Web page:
‘Queer Joy’ timeline walk celebrates the close of Queer History Month

Third-year+Marine+Studies+major+and+Leadership+Liaison+for+the+Pride+Center+Marin+Monteith+wipes+the+rain+away+from+the+Queer+History+Month+signs+located+throughought+the+Corvallis%2C+Ore.+campus+on+Oct.+21.+Monteith+is+in+charge+of+posting+and+taking+down+of+the+signs+alongside+the+rest+of+their+Pride+Center+peers.

Matthew McKenna, Photographer

Third-year Marine Studies major and Leadership Liaison for the Pride Center Marin Monteith wipes the rain away from the Queer History Month signs located throughought the Corvallis, Ore. campus on Oct. 21. Monteith is in charge of posting and taking down of the signs alongside the rest of their Pride Center peers.

Riley LeCocq, News Contributor

Oregon State University’s Pride Center celebrates triumphs in queer history with a campus timeline walk displayed throughout campus Monday through Friday until Oct. 31.

The Pride Center, one of OSU’s seven cultural resource centers, typically sets up weekly programming for those in the community and all students to engage in across campus. 

This event is special, however—in honor of Queer History Month, the center has set up eight signs on campus ranging from the SEC plaza to LINC plaza that showcases a timeline of pivotal moments in queer history. 

This installation highlights events specifically in line with the theme of ‘Queer Joy,’ providing information about big successes ranging from the founding of the first human rights organization for queer people in 1924 to the recognition of Stonewall as a national monument in 2016.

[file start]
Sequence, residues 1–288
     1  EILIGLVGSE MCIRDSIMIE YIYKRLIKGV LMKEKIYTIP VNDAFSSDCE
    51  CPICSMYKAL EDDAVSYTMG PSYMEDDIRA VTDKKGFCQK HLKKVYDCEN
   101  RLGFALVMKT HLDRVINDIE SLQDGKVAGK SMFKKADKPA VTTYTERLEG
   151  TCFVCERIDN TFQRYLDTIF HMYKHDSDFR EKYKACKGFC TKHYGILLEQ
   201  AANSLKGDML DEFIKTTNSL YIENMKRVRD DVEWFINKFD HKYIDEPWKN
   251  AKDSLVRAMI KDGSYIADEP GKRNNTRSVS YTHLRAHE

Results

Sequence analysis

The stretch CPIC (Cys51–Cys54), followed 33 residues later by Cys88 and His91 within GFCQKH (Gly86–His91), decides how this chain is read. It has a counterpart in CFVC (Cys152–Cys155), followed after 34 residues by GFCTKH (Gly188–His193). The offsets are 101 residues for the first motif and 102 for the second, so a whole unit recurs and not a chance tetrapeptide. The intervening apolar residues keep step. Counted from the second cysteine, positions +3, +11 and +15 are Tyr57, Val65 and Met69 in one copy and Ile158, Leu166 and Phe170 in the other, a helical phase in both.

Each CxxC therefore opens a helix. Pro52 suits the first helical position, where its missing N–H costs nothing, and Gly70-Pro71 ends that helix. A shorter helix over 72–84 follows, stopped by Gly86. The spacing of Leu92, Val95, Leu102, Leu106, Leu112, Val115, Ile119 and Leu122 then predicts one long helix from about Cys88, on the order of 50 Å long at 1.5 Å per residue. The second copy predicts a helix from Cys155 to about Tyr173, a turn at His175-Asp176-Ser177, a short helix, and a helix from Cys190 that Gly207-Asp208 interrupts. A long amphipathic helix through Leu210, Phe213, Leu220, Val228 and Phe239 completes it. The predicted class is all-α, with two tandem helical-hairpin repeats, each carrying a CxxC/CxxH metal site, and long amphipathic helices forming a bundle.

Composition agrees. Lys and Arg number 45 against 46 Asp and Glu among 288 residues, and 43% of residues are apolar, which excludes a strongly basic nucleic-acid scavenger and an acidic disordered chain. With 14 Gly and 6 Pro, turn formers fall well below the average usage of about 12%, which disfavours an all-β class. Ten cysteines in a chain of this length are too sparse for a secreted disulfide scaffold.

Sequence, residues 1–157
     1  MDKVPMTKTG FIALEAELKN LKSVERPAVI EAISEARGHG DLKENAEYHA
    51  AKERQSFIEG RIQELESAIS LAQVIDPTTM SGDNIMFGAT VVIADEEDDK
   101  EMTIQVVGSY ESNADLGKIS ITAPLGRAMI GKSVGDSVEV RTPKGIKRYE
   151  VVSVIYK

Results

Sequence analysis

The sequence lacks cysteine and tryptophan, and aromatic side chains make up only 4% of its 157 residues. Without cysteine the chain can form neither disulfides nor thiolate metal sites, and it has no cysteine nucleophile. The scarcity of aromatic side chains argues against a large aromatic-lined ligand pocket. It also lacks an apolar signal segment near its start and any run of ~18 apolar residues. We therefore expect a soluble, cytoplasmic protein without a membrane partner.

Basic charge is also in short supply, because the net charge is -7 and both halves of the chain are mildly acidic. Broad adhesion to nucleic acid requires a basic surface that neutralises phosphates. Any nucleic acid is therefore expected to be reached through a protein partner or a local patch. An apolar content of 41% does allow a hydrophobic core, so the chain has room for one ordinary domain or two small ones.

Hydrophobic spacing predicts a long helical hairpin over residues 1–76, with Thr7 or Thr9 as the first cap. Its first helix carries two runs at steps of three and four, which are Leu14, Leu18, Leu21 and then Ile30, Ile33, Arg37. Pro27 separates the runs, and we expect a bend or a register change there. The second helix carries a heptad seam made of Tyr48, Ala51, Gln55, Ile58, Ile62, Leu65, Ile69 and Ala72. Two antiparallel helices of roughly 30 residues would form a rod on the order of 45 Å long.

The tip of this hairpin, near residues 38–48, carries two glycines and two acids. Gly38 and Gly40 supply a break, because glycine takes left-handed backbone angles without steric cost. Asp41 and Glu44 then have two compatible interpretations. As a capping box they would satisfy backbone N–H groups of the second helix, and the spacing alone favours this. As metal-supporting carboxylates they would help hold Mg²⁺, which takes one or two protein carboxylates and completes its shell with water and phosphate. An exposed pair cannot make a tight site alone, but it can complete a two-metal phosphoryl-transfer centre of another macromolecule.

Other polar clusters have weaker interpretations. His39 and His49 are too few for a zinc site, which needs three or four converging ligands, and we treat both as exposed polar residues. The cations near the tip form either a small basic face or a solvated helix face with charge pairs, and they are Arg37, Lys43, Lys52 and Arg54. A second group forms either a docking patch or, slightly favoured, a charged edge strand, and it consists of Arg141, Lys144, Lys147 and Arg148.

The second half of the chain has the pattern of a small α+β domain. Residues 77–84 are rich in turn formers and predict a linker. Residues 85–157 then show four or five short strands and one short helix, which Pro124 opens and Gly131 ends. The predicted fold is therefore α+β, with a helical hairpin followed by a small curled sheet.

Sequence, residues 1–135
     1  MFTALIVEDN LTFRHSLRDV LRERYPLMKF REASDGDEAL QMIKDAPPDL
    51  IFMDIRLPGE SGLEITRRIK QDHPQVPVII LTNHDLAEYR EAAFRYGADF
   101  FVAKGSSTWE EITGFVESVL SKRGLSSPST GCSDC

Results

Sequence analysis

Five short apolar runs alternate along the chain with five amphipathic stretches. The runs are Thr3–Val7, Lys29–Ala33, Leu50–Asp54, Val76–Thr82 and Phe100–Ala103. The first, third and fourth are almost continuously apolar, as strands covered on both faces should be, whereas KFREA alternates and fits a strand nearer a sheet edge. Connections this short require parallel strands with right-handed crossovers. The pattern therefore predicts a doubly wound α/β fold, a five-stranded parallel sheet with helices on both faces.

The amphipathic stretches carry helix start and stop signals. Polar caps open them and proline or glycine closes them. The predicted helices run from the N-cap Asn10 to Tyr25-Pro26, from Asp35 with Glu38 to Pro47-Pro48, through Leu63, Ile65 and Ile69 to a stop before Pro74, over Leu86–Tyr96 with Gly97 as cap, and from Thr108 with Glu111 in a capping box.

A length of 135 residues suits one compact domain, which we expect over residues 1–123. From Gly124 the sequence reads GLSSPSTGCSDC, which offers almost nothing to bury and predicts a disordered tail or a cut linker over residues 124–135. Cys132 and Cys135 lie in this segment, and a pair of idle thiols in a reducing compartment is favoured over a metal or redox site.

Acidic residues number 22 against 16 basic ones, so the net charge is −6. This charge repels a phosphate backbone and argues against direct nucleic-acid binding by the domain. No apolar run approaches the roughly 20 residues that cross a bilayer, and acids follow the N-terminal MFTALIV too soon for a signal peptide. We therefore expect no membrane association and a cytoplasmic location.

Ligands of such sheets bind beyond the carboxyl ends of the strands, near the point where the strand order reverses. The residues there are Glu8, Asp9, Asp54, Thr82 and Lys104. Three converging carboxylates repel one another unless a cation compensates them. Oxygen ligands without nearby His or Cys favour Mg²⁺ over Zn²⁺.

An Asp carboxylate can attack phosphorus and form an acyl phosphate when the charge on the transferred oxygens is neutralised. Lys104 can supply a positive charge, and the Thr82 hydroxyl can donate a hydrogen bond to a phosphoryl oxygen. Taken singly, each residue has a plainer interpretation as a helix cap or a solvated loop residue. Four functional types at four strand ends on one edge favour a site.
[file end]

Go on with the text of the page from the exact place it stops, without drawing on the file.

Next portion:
“It is important to recognize Queer History Month every single year because we have come so far as a community and because we have so much further to go,” said Marin Monteith, a third-year student leadership liaison for the Pride Center. “Specifically this year, we thought it was just so imperative that we center it around success because our community [like many others] has been so destroyed over the past two years by [the] pandemic.” 

The Pride Center hopes the event will make the queer community feel represented, seen and appreciated on campus since historically, this has not always been the case. 

“In general I hope the community feels proud, whether you are a queer-identifying individual or not, I hope that cis allies feel proud of queer people for the work they have put into guaranteeing their human rights,” Monteith said. 

The Pride Center’s upcoming programming plans include partnering with SOL, the LGBTQ+ multicultural support network at OSU, to bring even more events and awareness to campus.   

One upcoming partnership event is SOL-oween, a celebration of local artists through performances and visuals with costumes or drag encouraged. The event is planned to take place Oct. 28 at 5 p.m. in the Ina Haws gathering hall on campus. 

As with all programming put on by the Pride Center, Monteith said, “I hope it can make queer people feel loved and come together again, after feeling so broken for a couple of years, and in general it shows people what we can do when we come together as allies and as members of the community.”